A Rail Diesel Car wearing New Haven markings pauses at the station in Thomaston, Connecticut.
I recently traveled to New Haven, Connecticut, for the annual Cabin Fever outing hosted by the Shoreline Trolley Museum this year.
It’s a gathering of volunteers from many of the streetcar museums to swap lies and drink beer.
I traveled via Amtrak using the Capitol Limited, the Pennsylvanian and Northeast corridor Regionals.
Norfolk Southern offered us a two-hour delay in Huntingdon, Pennsylvania, due to track work and deciding that five westbound freights were a higher priority.
That messed up my connection to a Regional train in Philadelphia. Then the Philly Fire Department provided an hour-plus delay.
My return via Washington worked out better. It was my first time on the Corridor and cruising between 115 and 125 mph was impressive.
The reduced consist of the westbound Capitol Limited felt like a milk run in comparison.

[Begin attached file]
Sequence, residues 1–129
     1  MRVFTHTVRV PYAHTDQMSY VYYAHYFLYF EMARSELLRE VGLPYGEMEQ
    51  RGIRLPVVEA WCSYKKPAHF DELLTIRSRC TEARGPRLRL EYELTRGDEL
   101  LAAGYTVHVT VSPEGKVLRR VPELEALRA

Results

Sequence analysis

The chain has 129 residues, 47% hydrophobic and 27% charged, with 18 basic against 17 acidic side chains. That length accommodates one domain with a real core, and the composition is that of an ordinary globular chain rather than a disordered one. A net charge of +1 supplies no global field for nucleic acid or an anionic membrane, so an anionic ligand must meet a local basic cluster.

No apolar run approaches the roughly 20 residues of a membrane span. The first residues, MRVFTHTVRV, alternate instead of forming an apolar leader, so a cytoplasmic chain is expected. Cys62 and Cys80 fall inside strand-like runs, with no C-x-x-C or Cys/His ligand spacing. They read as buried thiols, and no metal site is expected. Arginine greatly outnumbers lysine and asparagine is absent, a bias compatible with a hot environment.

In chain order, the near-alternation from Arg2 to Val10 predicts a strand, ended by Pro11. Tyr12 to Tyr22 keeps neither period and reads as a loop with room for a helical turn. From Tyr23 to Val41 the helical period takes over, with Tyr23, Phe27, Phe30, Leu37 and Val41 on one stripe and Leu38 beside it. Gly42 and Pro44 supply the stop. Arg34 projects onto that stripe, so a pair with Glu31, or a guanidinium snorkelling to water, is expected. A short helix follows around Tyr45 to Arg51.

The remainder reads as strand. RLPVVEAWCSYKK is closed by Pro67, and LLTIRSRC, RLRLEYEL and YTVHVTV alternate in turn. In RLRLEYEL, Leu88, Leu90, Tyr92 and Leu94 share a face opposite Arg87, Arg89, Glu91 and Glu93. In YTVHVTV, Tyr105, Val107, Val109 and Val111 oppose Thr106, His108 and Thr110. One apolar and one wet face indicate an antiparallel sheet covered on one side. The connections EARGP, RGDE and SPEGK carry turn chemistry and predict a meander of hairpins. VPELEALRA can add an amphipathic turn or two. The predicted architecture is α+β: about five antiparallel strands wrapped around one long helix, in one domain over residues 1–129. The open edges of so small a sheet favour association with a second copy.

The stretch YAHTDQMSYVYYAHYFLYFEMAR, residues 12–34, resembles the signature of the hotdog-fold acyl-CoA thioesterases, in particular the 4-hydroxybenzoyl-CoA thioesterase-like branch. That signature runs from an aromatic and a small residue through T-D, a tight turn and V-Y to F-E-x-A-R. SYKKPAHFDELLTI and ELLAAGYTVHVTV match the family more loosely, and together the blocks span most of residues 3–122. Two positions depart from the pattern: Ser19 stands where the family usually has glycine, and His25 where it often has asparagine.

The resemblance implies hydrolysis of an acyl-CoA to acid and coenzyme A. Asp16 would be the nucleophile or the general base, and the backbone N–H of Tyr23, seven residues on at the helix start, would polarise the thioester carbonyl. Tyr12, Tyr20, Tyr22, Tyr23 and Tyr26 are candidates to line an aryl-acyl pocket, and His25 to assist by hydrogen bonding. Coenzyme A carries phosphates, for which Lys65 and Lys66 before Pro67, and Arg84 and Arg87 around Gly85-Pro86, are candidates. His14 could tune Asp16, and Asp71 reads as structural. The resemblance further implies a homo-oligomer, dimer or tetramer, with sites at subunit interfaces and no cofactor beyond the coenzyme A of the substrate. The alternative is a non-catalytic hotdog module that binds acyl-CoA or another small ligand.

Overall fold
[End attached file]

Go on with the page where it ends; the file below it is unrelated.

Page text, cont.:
On Feb. 19, we had an RDC excursion on the Railway Museum of New England in Thomaston that included several photo stops and a tour of their shops.
Among the notable pieces in the collection are a Canadian Pacific sister to Jerry Jacobson’s No. 1293, a New Haven RS3, a Central Vermont wood caboose and a GE C40-B.
Other pieces include New Haven FL-9 and a U25B. Unfortunately, their yard is too crowded for good photos.
We spent Friday night and all day Saturday at the Shoreline Museum riding and operating cars from their fleet as well as exploring many barns full of quite interesting pieces from along the East coast and elsewhere.
All in all, I had a great time getting together with old friends and making new ones.
I recommend you plan a vacation to the Northeast. There’s a lot of railroading to experience up there.
Article and Photographs by Alex Bruchac
A mid-‘20s vintage car at the end of the line in front of the Frank Sprague visitor center.
A New England 1906 Railway Post Office car.
A turn of the century New York City Third Avenue Brill-built car.
This Connecticut Company emergency car (wrecker) was a ery noisy car to ride with all the tools hanging on the walls and crashing about.
A sad home town boy is RTA No. 27, a former Newark, New Jersey, and
No. 745 was part of a seven car train trapped in the World Trade Center and only two to survive. The other is in a museum in Kingston, New York.